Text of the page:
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  1. #11
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    Use D76 works great for 4x5 film

    Dave

  2. #12

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    Quote Originally Posted by Gerald C Koch View Post
    So putting a developer in a tray somehow makes it different?
    I never said that. The fact is that most of the Gevaert developers were formulated when LF was the norm. Later on more sofisticated developers came to the market (Windish, Beutler,...) designed primarily for roll film, but LF was still being developed in the old formulae, hence my question.

  3. #13

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    Quote Originally Posted by smithdoor View Post
    Use D76 works great for 4x5 film

    Dave
    I already have my favourite.

  4. #14

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    Quote Originally Posted by miha View Post
    I never said that.
    My point was that the book's author seems to be making an artificial distinction between developer formulations. My comment was not directed toward you. As I said, hard to tell without having access to the chapter.
    A rock pile ceases to be a rock pile the moment a single man contemplates it, bearing within him the image of a cathedral.

    ~Antoine de Saint-Exupery

  5. #15

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    I use exactly the same pyro developer options for 35mm film as for 8x10 sheet film, but could use something as common as D76 for either if I
    wanted to. Sometimes there are reasons to use specialized developers to optimize extremely fine-grained miniature camera films, but there is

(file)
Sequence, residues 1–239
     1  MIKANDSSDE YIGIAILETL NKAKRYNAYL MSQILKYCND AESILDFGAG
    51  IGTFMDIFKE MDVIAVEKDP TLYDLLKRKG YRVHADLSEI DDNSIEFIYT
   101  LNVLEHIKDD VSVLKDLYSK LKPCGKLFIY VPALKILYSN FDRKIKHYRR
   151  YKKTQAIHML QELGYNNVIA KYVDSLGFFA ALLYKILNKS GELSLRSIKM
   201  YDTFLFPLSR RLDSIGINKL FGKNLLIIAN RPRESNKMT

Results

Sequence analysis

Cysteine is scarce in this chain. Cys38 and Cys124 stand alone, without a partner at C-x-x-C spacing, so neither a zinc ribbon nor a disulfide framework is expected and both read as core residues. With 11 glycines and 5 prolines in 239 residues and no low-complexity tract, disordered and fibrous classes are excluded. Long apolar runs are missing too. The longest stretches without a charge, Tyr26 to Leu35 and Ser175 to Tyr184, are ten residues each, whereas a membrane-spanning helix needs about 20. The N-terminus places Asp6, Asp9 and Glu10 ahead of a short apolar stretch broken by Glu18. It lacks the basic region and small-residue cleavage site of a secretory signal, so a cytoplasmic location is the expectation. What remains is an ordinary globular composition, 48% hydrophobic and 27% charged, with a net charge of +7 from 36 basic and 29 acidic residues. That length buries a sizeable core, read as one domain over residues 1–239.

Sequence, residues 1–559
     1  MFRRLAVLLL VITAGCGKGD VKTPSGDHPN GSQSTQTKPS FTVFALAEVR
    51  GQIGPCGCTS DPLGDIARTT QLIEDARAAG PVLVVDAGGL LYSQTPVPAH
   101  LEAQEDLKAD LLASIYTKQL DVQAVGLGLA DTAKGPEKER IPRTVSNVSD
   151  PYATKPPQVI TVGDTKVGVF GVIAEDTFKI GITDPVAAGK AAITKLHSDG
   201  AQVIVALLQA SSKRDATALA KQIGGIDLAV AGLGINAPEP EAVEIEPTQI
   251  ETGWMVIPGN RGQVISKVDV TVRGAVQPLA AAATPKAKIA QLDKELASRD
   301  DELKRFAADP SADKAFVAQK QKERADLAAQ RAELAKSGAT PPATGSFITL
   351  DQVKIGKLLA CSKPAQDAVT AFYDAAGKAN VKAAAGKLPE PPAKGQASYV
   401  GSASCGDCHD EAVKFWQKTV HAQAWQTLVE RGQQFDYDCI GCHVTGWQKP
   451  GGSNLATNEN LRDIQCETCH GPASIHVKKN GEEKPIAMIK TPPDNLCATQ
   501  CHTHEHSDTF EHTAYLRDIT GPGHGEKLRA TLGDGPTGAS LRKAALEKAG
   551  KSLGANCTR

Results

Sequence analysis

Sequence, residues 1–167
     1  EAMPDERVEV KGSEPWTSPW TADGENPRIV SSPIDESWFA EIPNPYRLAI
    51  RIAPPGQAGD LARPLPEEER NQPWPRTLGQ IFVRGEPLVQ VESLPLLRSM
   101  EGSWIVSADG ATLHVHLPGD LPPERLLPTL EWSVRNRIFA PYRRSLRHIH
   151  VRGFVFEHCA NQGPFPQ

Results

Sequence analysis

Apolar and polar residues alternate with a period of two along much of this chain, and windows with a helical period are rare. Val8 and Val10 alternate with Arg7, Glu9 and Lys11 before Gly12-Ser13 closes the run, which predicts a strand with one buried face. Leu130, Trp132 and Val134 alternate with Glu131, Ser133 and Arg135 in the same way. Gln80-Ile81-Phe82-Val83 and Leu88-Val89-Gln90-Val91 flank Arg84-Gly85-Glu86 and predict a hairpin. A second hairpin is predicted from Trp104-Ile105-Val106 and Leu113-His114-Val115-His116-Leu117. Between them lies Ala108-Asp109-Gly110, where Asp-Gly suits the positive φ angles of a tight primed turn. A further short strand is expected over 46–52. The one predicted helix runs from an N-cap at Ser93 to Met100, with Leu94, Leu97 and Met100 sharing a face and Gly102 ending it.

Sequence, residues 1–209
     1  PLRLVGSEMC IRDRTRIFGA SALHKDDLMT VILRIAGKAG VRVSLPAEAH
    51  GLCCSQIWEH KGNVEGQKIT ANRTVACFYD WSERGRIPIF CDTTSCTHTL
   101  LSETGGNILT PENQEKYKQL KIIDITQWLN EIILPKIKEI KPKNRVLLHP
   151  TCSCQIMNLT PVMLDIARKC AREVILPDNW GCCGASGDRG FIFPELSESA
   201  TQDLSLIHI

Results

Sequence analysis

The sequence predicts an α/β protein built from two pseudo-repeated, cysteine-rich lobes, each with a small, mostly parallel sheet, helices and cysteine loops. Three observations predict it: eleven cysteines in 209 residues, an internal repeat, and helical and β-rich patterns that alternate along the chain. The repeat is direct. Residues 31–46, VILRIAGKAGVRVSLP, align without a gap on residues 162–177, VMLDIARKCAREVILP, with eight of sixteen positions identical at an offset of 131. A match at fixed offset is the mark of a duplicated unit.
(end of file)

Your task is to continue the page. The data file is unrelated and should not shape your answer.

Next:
really no warranted distinction between other film sizes. The nice thing about large format is that you generally don't need to enlarge the original nearly as much, so can concentrate more on tonality or speed when choosing a film and developer combination, and worry less about
    things like grain per se. So in this respect, you have even more developer options when working with large format, not less.

  6. #16

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    Quote Originally Posted by Gerald C Koch View Post
    My point was that the book's author seems to be making an artificial distinction between developer formulations.
    This could very well be the case, but perhaps we agree that dedicated developers exist. And that LF generally calls for a higher beta, and also that shorter times are benefical for the operator developing in trays. The author of the book speeks about these properties.

  7. #17

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    Quote Originally Posted by DREW WILEY View Post
    I use exactly the same pyro developer options for 35mm film as for 8x10 sheet film, but could use something as common as D76 for either if I
    wanted to. Sometimes there are reasons to use specialized developers to optimize extremely fine-grained miniature camera films, but there is
    really no warranted distinction between other film sizes. The nice thing about large format is that you generally don't need to enlarge the original nearly as much, so can concentrate more on tonality or speed when choosing a film and developer combination, and worry less about
    things like grain per se. So in this respect, you have even more developer options when working with large format, not less.
    True, but most of the pyro developers were reformulated to suite rhe current films in use.

  8. #18

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    Wander over to the Large Format Forum and it will be abundantly apparent that we large format practitioners have long used many types of film
    and developers, will continue to argue over the merits of our favorite methods, and that almost nothing of what you describe is necessarily correct with respect to typical practice. There are even many different ways of tray processing, which will in turn affect the specific outcome.
    Film keep changing, developers too, but all kinds of combinations of new and old themes coexist. A pyro formula from the 1930's could be made
    to work just as well today. But now we know about even more options.

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